The Fed offers more clues about rate hikes | CNN Business-EnglishHindiBlogs-News

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Americans are gearing up for food, family and football on Thursday, but investors held off until Wednesday afternoon before Thanksgiving begins.

That’s because the Federal Reserve released the minutes of its latest meeting at 2 p.m. ET Wednesday, which provided more clues about the central bank’s thinking on inflation and interest rate hikes.

The Fed raised rates by three-quarters of a percentage point at its November 2 meeting – its fourth straight increase by such a large amount. But Fed Chairman Jerome Powell suggested at a news conference that the Fed could soon start slowing the pace of hikes.

Minutes of that meeting showed that many other Fed policymakers agreed with Powell’s assessment.

The Fed said, “Many participants observed that, given that monetary policy turned to an stance that was restrictive enough to achieve the Committee’s goals, it was appropriate to slow the pace of increases to the target range for the federal funds rate.” Will happen.” minutes.

The Fed said that “a large majority of participants decided that a reduction in the pace of growth too soon would be appropriate.”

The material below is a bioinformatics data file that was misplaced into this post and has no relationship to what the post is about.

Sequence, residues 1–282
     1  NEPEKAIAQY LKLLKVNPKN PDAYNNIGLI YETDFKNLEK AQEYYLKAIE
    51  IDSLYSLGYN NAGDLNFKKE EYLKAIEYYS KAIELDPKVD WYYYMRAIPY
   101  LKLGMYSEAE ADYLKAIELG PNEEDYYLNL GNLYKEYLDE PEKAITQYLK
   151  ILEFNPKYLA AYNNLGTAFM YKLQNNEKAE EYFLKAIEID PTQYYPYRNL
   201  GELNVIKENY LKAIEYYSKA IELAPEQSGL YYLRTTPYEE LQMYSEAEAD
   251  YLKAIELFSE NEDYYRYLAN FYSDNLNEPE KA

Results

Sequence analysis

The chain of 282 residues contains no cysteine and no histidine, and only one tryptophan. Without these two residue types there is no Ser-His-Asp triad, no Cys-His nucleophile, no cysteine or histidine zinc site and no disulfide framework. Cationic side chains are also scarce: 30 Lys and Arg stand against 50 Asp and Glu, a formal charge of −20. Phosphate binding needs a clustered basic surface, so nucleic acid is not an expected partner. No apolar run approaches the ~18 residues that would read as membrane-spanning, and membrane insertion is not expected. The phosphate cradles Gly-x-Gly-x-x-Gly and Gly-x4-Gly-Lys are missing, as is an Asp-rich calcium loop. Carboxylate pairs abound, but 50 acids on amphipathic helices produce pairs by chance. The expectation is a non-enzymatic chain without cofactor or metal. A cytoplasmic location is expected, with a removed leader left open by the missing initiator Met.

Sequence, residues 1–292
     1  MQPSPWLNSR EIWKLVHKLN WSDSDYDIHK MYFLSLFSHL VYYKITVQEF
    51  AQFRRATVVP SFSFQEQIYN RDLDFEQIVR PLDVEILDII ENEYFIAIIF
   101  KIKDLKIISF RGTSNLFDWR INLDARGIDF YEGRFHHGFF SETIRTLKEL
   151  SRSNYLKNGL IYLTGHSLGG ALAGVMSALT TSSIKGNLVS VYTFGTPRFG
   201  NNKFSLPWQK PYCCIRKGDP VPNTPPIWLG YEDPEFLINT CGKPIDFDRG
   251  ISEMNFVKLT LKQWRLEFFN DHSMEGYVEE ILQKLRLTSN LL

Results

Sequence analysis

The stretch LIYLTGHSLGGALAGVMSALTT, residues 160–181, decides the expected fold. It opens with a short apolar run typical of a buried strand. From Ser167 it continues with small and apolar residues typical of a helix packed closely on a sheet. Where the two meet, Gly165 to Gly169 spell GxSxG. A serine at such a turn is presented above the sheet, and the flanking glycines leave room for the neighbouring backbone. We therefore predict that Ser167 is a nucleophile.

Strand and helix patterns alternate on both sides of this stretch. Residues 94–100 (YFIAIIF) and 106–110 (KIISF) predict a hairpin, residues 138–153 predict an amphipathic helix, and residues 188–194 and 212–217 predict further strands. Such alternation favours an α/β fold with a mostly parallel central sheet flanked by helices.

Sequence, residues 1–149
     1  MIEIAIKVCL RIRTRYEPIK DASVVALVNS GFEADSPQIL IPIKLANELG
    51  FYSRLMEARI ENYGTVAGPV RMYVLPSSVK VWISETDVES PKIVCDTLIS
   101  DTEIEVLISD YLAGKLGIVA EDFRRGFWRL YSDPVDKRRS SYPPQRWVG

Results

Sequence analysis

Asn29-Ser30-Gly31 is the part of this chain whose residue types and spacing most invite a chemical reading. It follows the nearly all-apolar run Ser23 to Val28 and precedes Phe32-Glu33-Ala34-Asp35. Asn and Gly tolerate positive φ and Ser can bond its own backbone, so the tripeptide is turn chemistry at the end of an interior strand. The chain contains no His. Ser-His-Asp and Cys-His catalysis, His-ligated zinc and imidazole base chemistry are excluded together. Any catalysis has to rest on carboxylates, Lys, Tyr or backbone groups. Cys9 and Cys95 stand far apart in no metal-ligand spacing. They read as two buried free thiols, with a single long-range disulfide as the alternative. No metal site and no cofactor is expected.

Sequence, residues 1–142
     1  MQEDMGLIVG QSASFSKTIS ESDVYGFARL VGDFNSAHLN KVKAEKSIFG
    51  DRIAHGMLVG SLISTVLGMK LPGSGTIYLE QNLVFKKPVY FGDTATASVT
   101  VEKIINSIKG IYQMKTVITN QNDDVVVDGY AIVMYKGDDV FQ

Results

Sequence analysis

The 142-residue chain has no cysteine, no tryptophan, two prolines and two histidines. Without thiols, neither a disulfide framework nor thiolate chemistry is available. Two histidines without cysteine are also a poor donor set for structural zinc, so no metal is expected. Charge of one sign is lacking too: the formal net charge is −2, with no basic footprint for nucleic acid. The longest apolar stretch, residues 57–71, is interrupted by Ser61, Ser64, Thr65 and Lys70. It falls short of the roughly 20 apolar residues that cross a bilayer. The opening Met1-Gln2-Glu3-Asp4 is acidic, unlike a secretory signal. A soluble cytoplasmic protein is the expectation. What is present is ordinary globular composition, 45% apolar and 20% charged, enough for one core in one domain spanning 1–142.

Stocks, which were relatively flat and drifting before the minutes came out, popped after they were released. The Dow climbed more than 95 points, or 0.3%, at the end of the day. The S&P 500 jumped 0.6% and the Nasdaq climbed 1%.

Other Fed members, notably Vice Chair Lael Brainard, also hinted at a slower pace of growth in recent speeches. Yet there have been confusing signals from other Fed officials, who have been insisting that inflation is not coming down and must be brought under control.

To that end, the Fed said in the minutes that inflation remained “stubbornly high” and “more persistent than expected.”

With that in mind, traders are now pricing in an over 75% chance that the Fed will raise rates by only a half point at its December 14 meeting. As per futures contract on CME, That’s up from the 52% odds for a half-point increase a month ago, but the odds of a half-point increase are less than the 85% that price had in the past week.

A recent batch of inflation reports suggested that the rampant price rise is finally slowing down to more manageable levels. The job market also remains relatively healthy, although the most recent jobless claims data rose from a week earlier.

But as long as the labor market remains stable and inflationary pressures subside, the Fed will hold back on the magnitude of its rate hikes.

Some experts are concerned that if the Fed goes too far with rates, the hike could eventually slow the economy too much and potentially lead to much higher unemployment, job losses and even a recession. .

The Fed’s rate hike has had a clear effect on the housing market, with increases in mortgage rates helping to put a dent in home sales.

Still, Wall Street is becoming more convinced that the Fed may be able to pull off a so-called soft landing. The Dow rose 14% in October, its best month since January 1976. The Dow is up 4.5% in November and is now down only 6% this year.

S&P 500 And nasdaq They’ve also rebounded significantly since October, but both of those broad market indexes declined more sharply for the year than the Dow.